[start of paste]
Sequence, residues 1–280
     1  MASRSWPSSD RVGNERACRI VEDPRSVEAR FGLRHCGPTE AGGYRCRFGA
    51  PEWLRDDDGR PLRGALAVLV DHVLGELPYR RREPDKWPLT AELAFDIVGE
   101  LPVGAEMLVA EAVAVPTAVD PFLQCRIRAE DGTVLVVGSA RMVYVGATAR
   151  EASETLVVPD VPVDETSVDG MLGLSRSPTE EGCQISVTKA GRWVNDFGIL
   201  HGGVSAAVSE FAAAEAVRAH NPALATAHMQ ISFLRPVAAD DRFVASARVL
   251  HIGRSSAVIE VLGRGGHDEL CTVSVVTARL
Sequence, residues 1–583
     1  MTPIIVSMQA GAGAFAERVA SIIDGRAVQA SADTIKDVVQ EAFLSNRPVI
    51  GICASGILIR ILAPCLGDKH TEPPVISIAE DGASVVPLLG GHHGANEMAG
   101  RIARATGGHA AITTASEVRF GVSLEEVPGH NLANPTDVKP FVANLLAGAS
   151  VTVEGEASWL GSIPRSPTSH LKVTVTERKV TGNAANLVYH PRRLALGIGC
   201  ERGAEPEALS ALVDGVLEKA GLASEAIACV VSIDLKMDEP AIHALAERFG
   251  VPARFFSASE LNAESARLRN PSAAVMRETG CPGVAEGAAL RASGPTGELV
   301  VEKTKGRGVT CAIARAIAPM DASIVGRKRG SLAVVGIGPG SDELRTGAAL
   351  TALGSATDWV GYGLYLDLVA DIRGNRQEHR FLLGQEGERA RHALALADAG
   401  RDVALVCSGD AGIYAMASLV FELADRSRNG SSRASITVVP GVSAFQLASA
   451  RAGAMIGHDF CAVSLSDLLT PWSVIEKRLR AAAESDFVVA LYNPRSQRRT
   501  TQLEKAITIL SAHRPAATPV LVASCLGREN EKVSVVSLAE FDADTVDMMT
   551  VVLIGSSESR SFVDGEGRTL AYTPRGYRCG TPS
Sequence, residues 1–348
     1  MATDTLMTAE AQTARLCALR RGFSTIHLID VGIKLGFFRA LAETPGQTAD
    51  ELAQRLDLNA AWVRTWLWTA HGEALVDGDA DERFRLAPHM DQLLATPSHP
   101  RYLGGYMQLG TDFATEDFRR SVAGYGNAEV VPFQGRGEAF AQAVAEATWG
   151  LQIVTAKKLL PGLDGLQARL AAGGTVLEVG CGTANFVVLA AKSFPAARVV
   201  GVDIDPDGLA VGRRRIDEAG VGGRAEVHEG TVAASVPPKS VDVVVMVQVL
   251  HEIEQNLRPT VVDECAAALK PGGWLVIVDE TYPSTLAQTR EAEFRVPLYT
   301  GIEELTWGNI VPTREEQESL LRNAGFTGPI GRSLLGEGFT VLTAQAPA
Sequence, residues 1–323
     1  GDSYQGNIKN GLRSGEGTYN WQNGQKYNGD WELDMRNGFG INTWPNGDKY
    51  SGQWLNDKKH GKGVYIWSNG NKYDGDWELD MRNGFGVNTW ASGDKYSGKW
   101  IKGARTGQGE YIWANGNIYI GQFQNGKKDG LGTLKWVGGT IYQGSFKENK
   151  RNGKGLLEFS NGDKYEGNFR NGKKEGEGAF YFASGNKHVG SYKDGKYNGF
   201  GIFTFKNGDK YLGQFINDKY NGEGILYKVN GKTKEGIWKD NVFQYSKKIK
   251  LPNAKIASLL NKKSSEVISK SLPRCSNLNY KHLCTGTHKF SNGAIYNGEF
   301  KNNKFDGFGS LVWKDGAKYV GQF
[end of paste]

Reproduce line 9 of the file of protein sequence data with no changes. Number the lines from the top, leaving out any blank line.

     1  MTPIIVSMQA GAGAFAERVA SIIDGRAVQA SADTIKDVVQ EAFLSNRPVI